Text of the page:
Research Brief: Race and “Big Data”

We’re back to our regularly scheduled series of posts now that the awful Sterling business has died down a bit and I’m back from traveling. So, it’s Monday and that means it’s time for your research brief. This week’s round up is prompted by the terrific British Sociological Meetings I attended recently. Several scholars there are working on “big data,” including a compelling plenary by Evelyn Ruppert (Sociology, Goldsmiths, University of London).  Ruppert is launching a new, open access, peer-reviewed journal called Big Data & Society.

And, most relevant for our discussion of race is the work of David Skinner (Sociology, Anglia Ruskin University), who is working in the area of race and big data. Both Ruppert’s and Skinner’s work prompted me to look for more on race and big data, and this is what you’ll find in this week’s research brief.

Research in the Dictionary

If the 1990s was all about the information superhighway and the network society, then the first 10 years of the 21st century is perhaps best described as the decade of data. Actors in different enterprises worked feverishly to develop innovative database and data mining technologies for institutional goals such as marketing, social networking, and scientific discovery. These researchers and data entrepreneurs follow an emerging belief that gathering and mining massive amounts of digital data will give objective insight into human relations and provide authentic representations for decision-making. On the surface, the technologies used to mine big data have the appearance of value-free and neutral inquiry. However, as information entrepreneurs use database and data mining technologies to purposively organize the social world, this seeming neutrality obfuscates domain assumptions and leaves cultural values and practices of power unexamined. We investigate the role of communication and social shaping of database and data mining technologies in the institutional context of genome science to understand how various stakeholders (scientists, policy makers, social scientists, and advocates) articulate racialized meanings with biological, physical, and big data. We found a rise in the use of racial discourse that suggests race has a genetic foundation.

Google Earth was released a few months prior to Hurricane Katrina and became an important tool in distributing information about the damage occurring in New Orleans, albeit not to all parts of society. While Google Earth did not create the economic and racial divides present in society, its use in the post-Katrina context reflect this gulf and have arguably reinforced and recreated it online. This paper has three main objectives. The first is to provide a clear empirical case study of how race remains relevant to the way people use (or do not use) the internet and internet based services. The second is highlighting the power of new online and interactive mapping technologies and demonstrating how these technologies are differentially adopted. The third and final objective is illustrating how any divide in accessing digital technology is not simply a one time event but a constantly moving target as new devices, software and cultural practices emerge. Thus, in addition to highlighting the racial inequalities in US society in general, Hurricane Katrina provides an important window on the way in which race remains a key factor in the access and use of emerging digital technologies.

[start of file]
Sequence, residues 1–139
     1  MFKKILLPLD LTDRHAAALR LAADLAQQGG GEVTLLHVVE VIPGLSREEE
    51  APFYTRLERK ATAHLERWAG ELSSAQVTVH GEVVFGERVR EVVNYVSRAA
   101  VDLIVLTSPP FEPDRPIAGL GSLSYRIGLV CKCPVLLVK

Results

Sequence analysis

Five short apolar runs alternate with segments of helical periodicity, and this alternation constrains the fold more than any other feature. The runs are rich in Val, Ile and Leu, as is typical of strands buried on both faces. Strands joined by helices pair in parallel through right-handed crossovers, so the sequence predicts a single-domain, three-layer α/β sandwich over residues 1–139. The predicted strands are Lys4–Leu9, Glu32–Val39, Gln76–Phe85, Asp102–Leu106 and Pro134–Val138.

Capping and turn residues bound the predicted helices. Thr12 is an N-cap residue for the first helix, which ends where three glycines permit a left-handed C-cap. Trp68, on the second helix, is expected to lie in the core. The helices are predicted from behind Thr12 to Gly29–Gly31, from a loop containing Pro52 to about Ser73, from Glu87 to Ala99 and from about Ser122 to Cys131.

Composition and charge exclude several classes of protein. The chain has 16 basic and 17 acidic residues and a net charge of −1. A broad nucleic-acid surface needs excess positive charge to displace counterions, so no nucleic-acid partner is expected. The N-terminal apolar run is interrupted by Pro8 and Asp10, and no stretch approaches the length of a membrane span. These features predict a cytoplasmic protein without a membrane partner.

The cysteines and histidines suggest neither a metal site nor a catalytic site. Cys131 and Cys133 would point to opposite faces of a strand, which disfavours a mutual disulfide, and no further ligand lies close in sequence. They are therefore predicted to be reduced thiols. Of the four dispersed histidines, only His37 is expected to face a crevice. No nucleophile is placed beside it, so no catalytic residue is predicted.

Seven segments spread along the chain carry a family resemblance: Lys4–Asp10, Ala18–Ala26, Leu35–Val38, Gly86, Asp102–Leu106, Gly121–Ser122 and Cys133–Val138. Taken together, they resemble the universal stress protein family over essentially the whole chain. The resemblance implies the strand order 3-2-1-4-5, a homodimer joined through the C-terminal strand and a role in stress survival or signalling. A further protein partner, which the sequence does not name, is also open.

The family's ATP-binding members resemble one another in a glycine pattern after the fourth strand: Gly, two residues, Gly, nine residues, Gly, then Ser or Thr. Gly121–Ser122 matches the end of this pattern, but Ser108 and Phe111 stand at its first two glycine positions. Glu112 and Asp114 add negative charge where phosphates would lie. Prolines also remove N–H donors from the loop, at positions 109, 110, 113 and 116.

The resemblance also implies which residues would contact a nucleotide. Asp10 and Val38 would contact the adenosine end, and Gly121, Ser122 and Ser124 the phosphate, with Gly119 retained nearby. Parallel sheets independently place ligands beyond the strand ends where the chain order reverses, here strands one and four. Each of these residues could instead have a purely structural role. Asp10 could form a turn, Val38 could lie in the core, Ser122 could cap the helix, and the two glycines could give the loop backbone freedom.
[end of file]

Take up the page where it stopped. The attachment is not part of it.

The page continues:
This article explores the place of ‘ethnicity’ in the operation, management and contestation of the UK National DNA Database (NDNAD). In doing so, it examines the limitations of bioethics as a response to political questions raised by the new genetics. The UK police forensic database has been racialised in a number of distinct ways: in the over-representation of black people in the database population; in the classification of all DNA profiles according to ‘ethnic appearance’; in the use of data for experiments to determine the ethnicity of crime scene DNA; and in the focus on ethnicity in public debate about the database. This racialisation presented potential problems of legitimacy for the NDNAD but, as the article shows, these have been partly neutralised through systems of ethico-political governance. In these systems of governance discussion of institutional racism has been postponed or displaced by other ways of talking about ethnicity and identity.

Territorial borders just like other boundaries are involved in a politics of belonging, a politics of “us” and “them”. Border management regimes are thus part of processes of othering. In this article, we use the management of borders and populations in Europe as an empirical example to make a theoretical claim about race. We introduce the notion of the phenotypic other to argue that race is a topological object, an object that is spatially and temporally folded in distributed technologies of governance. To elaborate on these notions, we first examine a number of border management technologies through which both race and Europe are brought into being. More specifically we focus on how various such technologies aimed at monitoring the movement of individuals together with the management of populations have come to play crucial roles in Europe. Different border management regimes, we argue, do not only enact different versions of Europe but also different phenotypic others. We then shift the focus from border regimes to internal practices of governance, examining forensic DNA databanks to unravel articulations of race in the traffic between databases and societies.

I’d love to know about other research in this area, so if you’re working on this, don’t be shy ~ drop a comment and let me know about your work!

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